Anyone who has checked the prices of flights online lately may be shocked at what they are seeing.
Here are some sample Halloween weekend getaways from Google Flights, as seen on the site Monday, for flights leaving Thursday, Oct. 28, and returning Sunday, Nov. 1.
- Los Angeles to Chicago: $125 round trip on United Airlines
- Minneapolis to Orlando, Florida: $147 round trip on Sun Country Airlines
- Cleveland to Miami: $150 round trip on American Airlines
- Seattle to Denver: $107 round trip on Delta Air Lines
It’s not just those dates or that platform. Choose any.
Due to the coronavirus pandemic, some airfares appear so low that they look like the airlines might have posted them by mistake. Yet the screaming bargains can also be viewed as cruel irony: Relatively few customers will dare to take advantage of the low fares out of fear of contracting COVID-19 while traveling,a risk for which there seems to be no general agreement yet.
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For those willing to take the chance, however, these may be once-in-a-lifetime deals.
Airlines’ normal pricing mechanisms have been thrown out of whack by the cratering of travel. Planes have been averaging about a third full in recent weeks and carriers collectively losing about $5 billion a month, according to their trade group, Airlines for America. Airlines have answered by drastically cutting prices in order to fill seats.
Even at those levels, many travelers aren’t biting, especially when some of the biggest discounts are to destinations that have strict quarantine requirements that are sure to ruin any vacation and basically puts them off-limits to all but returning residents.
New York, New Jersey and Connecticut have maintained one of the country’s strictest quarantine requirements – 14 days for anyone arriving from 35 states and territories that either have a positive test rate for COVID-19 higher than 10 per 100,000 residents or a testing positivity rate of 10% over a seven-day rolling average.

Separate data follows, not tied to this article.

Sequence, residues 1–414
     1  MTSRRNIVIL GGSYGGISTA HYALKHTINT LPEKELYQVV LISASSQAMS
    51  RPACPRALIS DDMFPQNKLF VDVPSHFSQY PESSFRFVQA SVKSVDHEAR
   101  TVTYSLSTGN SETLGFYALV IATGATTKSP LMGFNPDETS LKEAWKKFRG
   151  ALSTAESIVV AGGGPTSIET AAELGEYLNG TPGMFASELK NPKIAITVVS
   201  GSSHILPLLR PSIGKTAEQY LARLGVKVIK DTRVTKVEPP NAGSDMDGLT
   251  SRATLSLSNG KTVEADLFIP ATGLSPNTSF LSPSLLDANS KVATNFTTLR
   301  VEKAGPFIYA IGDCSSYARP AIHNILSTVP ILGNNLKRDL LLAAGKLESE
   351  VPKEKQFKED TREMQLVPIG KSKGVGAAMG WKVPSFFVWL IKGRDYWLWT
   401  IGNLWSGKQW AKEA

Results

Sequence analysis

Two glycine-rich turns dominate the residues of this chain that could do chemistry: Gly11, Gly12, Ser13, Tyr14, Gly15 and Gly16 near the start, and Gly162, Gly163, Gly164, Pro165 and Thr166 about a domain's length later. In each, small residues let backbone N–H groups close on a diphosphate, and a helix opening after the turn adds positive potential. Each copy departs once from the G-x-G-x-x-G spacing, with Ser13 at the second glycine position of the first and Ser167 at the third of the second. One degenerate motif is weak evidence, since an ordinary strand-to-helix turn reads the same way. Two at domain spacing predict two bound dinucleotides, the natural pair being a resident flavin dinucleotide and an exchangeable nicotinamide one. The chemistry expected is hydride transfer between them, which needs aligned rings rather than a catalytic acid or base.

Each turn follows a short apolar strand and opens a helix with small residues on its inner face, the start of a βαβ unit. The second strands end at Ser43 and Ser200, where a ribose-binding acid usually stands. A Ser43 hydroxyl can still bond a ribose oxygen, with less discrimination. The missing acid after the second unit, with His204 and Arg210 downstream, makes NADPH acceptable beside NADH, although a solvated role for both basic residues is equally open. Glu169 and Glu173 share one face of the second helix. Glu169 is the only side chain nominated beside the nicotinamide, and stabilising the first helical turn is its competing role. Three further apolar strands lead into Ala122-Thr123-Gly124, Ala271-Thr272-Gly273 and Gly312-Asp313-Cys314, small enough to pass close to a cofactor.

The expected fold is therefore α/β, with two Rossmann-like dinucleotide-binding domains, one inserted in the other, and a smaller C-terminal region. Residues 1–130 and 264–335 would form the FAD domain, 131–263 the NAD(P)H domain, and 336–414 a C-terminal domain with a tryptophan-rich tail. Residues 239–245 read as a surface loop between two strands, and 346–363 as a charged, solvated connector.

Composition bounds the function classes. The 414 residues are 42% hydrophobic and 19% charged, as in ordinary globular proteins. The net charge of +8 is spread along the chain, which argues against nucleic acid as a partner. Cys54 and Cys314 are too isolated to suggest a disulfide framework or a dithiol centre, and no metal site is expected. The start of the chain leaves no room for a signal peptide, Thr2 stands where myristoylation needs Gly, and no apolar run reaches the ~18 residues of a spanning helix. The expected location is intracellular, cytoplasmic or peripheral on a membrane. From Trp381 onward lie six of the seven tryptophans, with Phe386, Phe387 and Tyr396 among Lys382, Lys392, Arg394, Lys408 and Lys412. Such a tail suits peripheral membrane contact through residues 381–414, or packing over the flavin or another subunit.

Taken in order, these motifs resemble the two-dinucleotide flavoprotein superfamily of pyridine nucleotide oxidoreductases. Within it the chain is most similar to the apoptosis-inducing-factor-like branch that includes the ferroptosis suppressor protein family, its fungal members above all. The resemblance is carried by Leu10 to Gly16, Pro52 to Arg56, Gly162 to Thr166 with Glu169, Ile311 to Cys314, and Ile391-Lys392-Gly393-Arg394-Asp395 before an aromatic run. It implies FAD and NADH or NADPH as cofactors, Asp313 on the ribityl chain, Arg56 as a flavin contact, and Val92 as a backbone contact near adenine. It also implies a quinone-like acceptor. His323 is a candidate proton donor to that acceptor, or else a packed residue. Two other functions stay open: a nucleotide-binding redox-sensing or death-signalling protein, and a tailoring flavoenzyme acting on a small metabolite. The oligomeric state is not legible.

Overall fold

If you’d booked over the past few days, you could have flown from Atlanta to New York for as little as $71 round trip on United, leaving on Oct. 27 and returning Oct. 31, but Georgia is one of the states included among those requiring quarantine.
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Yeah, it’s cheap, but is flying safe?
There’s also the matter of personal safety.
Experts say anyone who wants to travel shouldn’t just look for low fares but rather also try to discern whether the coronavirus, which causes COVID-19, is on the uptick in their destination. COVID-19 rates may be low now, but they could rise by the time of the trip.
“Now we really have to start our research on a destination by looking at its public health landscape,” said Henry Harteveldt, travel industry analyst for the Atmosphere Research Group. “You don’t want to buy a ticket to a place that may not be healthy.”
Would-be travelers also need to check out entry or testing requirements. One popular tourism state, Hawaii, will allow travelers to test for COVID-19 in lieu of a 14-day quarantine starting Thursday, but there are lots of rules and caveats.
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As for the trip itself, experts are divided. Harteveldt is among those who believe that passengers who take precautions by wearing a mask continuously and trying to distance from others should be fine. There has been no proof that the virus is easily transmitted on planes.
Two recent studies, however, raised issues about whether passengers can catch the virus on a plane. They were based on examples early in the pandemic and didn’t indicate whether passengers wore masks, as is now required by all major U.S. airlines.
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